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Wednesday, September 8, 2010 Toronto Edition
 
 
Inside thestar.com

Man drowns as Hurricane Earl barrels through Maritimes

2010/09/04 21:39:00
Frances Robinson, left, and her son Jeremy Rotundo catch some wind as they brave hurricane Earl on the rocks at Cape Forchu, N.S. on Sept. 4,  2010. Blank Image

Video: Hurricane Earl barrels through Maritimes

The remnants of hurricane Earl made landfall down the coast from Halifax Saturday, toppling trees and bringing down power lines as the storm barrelled through the Maritimes. (Sept. 4, 2010)

Tara Brautigam The Canadian Press

HALIFAX—Hurricane Earl is being blamed for one death as it barrelled through Atlantic Canada on Saturday, yanking trees from their roots and toppling power lines.

Earl made landfall down the coast from Halifax, which appeared to have borne the brunt of the storm's strong winds, uprooting trees that littered some of the city's streets.

Patsy Newman surveyed the damage to a massive tree that once blocked the sunshine from streaming into her front windows — before the storm sent it crashing into a neighbouring house.

Earl ripped the tree's shallow roots from the ground, pulling up grass and large chunks of the sidewalk before sending huge branches into a second-floor balcony next door.

“You could see the ground undulating up and down a few times,” said Newman, motioning with her hands.

“Then the tree heaved and that was it.”

The retired teacher said she warned a group of university students who were hanging out on the porch next door that the tree was coming down.

“Some people ran back inside, some people ran out into the street,” said Sarah Taggart, who lives in the home. “It took about 10 seconds and then it was down. ... It was pretty scary actually.”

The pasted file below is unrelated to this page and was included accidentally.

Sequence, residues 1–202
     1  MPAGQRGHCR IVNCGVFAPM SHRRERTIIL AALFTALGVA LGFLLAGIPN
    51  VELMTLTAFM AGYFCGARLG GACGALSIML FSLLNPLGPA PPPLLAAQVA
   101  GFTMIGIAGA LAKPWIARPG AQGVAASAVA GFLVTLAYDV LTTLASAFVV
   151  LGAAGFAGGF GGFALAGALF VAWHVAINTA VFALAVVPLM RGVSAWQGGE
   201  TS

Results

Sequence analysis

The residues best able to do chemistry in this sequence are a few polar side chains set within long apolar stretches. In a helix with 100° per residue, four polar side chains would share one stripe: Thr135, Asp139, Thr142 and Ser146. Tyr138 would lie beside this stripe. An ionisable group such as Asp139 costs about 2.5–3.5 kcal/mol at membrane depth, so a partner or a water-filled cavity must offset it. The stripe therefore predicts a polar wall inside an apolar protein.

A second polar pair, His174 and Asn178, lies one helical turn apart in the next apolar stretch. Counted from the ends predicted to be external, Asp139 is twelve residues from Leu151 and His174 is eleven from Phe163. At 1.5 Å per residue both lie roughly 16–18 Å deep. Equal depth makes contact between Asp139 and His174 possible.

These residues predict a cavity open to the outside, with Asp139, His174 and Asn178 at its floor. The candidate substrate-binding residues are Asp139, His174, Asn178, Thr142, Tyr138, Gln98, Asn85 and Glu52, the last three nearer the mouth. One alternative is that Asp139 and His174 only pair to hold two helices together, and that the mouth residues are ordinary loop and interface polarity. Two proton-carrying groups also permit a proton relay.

Taggart, 23, said no one was hurt and the tree didn't puncture the house or break any windows.

“It's just the deck,” she said. “My barbecue's been squashed.”

The storm, fuelled in part by air and sea temperatures warmer than normal, brought heavy sheets of rain and swift gusts throughout the region. It picked up speed as it brushed across the Maritimes and western Newfoundland.

The body of a 54-year-old man was pulled from Blind Bay near Bayside, west of Halifax. Police said Johnny Mitchell Jr. drowned when he and another man tried to secure their boat after it became loose from its mooring. Officers said Mitchell, who was wearing a life-jacket, tried to swim back to shore from the boat but didn't make it.

The province's Emergency Management Office said the death was the result of the storm.

“I am deeply saddened by this tragedy, which further underscores the severity of hurricanes and major weather events,” Ramona Jennex, the minister responsible for the EMO, said in a statement.

Forecasters debated whether Earl was a tropical storm or a Category 1 hurricane when it made landfall 85 kilometres southwest of Lunenburg, N.S. The Canadian Hurricane Centre said it would make the final determination in a post-storm analysis, expected in a few weeks, though forecaster Chris Fogarty said an offshore buoy recorded wind speeds of 120 kilometres per hour.

In historic Lunenburg, Earl ripped the branches off trees and left the picturesque tourist town strewn with shredded leaves and shrubbery.

Just after noon, the town's fire department was called to inspect a huge tree, pushed partially out of the soil on a residential side street.

The tree, about 15 metres tall, was left leaning precariously on a utility pole as the two elderly residents of a nearby home looked on in dismay.